Carolyn: Sometimes, I think that if the average person were to look at the amount of material that we go through, they would probably freak out. Some of the documents I deal with are 1,000 pages long. But, I think once you get into the beauty of it — the merging and the harmonization of the data, which is one of the things we're doing with the opioid study — everything meshes really nicely. It's like a big ballroom dance routine where everybody finally gets in step, and that's the beauty of this research: When you get to that point, you don't have to reinvent the wheel — unless, of course, you bring in another study with data that’s a little bit off.

James: One of the primary barriers to using artificial intelligence is it's really hard to prepare the data. All of these algorithms make assumptions about where the data came from and how it's organized. Pretty much any time there's data harmonization or data merging, it's a difficult task.

Carolyn: Also, because biostatistics, bioinformatics, and artificial intelligence are newer sciences, there are a lot of growing pains. What will become the standard that everyone adheres to? It’s 75% there; we see this when we have to adjust merged data.

A common theme across every industry is finding ways to identify insights and take action sooner. In many cases, that means leveraging the tools and expertise of third parties. How are the solutions you’re building making this possible for healthcare providers?

Carolyn: Something like Smokescreen, which takes the burden of identifying genetic variants linked to addiction off of researchers, can ultimately lessen the time it takes a physician to make a better diagnosis, identify the proper prescription, or see positive outcomes in a clinical trial.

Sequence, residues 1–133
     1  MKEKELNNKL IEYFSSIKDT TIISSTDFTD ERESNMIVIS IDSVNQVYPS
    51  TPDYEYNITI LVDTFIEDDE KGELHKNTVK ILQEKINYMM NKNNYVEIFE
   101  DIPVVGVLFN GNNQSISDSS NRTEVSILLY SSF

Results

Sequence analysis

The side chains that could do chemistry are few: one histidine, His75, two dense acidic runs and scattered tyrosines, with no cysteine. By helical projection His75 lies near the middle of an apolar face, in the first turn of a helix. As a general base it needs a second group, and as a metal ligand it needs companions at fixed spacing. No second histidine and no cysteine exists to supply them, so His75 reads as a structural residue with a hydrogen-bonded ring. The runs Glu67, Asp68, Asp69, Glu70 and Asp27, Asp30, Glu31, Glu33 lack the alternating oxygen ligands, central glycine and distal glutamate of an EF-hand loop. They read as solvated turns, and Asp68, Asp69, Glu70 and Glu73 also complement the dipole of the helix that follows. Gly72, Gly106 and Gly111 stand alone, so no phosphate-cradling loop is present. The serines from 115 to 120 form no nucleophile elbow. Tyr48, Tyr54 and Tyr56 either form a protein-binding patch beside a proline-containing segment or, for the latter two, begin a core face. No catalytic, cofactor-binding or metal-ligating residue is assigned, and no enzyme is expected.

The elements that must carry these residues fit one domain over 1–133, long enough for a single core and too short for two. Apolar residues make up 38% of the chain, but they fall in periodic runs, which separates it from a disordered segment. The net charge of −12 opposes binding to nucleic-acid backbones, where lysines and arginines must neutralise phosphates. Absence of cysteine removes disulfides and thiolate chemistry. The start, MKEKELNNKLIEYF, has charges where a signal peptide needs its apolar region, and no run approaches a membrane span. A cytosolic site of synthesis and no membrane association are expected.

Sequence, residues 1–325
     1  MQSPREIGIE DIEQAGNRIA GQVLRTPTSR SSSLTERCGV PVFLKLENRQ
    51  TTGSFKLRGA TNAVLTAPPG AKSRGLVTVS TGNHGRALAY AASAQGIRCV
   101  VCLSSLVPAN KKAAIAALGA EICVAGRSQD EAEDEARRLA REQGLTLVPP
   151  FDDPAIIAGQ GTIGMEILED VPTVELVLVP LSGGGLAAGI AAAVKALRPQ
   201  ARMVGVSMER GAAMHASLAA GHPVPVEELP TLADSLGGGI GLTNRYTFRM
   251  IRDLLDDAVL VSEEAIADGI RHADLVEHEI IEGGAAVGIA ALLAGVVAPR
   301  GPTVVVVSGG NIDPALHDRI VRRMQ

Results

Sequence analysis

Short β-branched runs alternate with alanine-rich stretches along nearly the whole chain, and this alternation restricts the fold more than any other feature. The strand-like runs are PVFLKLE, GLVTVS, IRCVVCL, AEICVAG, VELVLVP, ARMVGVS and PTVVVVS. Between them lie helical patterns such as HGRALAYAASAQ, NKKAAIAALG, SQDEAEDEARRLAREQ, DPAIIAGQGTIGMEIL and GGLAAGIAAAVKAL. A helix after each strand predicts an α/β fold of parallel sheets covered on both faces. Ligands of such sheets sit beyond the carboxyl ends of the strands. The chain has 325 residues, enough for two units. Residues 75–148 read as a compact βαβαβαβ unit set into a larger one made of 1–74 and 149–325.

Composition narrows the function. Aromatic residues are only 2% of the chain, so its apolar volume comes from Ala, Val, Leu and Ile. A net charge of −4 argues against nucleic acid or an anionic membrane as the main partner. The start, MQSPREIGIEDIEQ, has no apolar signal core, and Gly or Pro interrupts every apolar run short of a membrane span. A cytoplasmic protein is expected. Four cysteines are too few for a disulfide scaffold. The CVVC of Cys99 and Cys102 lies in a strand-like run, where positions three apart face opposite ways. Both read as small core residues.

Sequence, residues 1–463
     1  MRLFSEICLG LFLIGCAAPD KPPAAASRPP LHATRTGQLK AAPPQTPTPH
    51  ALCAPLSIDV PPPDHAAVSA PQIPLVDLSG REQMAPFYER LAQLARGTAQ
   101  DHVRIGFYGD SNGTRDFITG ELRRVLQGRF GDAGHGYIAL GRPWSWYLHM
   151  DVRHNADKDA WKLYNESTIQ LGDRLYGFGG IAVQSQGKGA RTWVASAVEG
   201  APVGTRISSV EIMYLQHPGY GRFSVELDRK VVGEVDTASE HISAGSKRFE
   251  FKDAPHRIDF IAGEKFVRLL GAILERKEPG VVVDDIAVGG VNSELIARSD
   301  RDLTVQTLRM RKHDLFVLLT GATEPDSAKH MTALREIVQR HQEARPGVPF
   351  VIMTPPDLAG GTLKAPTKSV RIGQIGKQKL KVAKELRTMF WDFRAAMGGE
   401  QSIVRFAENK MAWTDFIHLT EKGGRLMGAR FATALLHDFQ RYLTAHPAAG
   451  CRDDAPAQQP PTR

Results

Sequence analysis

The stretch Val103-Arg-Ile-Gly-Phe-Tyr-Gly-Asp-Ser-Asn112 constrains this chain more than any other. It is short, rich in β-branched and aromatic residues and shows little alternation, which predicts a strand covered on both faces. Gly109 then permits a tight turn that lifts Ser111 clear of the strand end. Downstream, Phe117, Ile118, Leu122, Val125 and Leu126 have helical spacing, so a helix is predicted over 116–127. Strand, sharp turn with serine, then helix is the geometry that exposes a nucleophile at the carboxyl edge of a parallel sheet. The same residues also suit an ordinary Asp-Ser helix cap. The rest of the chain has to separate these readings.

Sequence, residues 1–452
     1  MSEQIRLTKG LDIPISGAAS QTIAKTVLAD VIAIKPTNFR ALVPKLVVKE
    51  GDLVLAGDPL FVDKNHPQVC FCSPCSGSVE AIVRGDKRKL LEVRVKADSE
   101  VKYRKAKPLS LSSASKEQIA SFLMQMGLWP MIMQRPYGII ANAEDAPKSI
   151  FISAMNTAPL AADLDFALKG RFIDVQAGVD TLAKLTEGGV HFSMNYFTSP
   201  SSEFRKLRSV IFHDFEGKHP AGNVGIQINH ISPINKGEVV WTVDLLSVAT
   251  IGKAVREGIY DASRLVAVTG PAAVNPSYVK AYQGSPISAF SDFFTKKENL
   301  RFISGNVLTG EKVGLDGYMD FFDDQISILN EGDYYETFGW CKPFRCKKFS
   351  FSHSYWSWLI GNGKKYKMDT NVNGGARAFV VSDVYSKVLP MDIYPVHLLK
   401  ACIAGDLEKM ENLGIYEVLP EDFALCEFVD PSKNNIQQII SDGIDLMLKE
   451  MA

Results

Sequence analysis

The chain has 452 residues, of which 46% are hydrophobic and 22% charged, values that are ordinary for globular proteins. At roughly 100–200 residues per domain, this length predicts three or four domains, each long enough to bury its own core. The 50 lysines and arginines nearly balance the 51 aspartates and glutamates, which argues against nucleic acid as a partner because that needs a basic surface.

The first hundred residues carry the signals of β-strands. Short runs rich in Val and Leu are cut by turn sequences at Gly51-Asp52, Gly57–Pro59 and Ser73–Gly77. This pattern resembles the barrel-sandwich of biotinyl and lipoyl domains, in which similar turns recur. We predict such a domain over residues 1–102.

One of the things that I've seen working on other biomarker studies that involve merging data is that historically, the markers may change over time as more discoveries are made. There’s an algorithm set up within Smokescreen or within the more common opioid model which we would be able to adapt accordingly and push down the pipeline to the physician, maybe with a new upgrade of software to their app or something, and that would fine tune what the result would be.

I think this is all coming at a good time, because a lot of physicians now are recording most of their data on laptops or they come into the patient’s room with an iPad or other device. If it's adaptable at that level — which it will be — then they will be able to make use of these model outputs in a real-world setting.

About Carolyn M. Ervin, PhD

Carolyn is the cofounder of BioRealm, a genomic and artificial intelligence solutions provider. She earned her doctorate in epidemiology from the University of Southern California, Los Angeles, California; her master's in public health from The University of California, Los Angeles, California; and both her master's in applied mathematics and bachelor's in mathematics from Western Michigan University, Kalamazoo, Michigan.

About James W. Baurley, PhD

James is the cofounder of BioRealm, a genomic and artificial intelligence solutions provider. He earned his doctorate in statistical genetics and genetic epidemiology and his master's in biostatistics from the University of Southern California and his bachelor's in computer science from Clemson University.

Brittany-Marie Swanson
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Brittany-Marie Swanson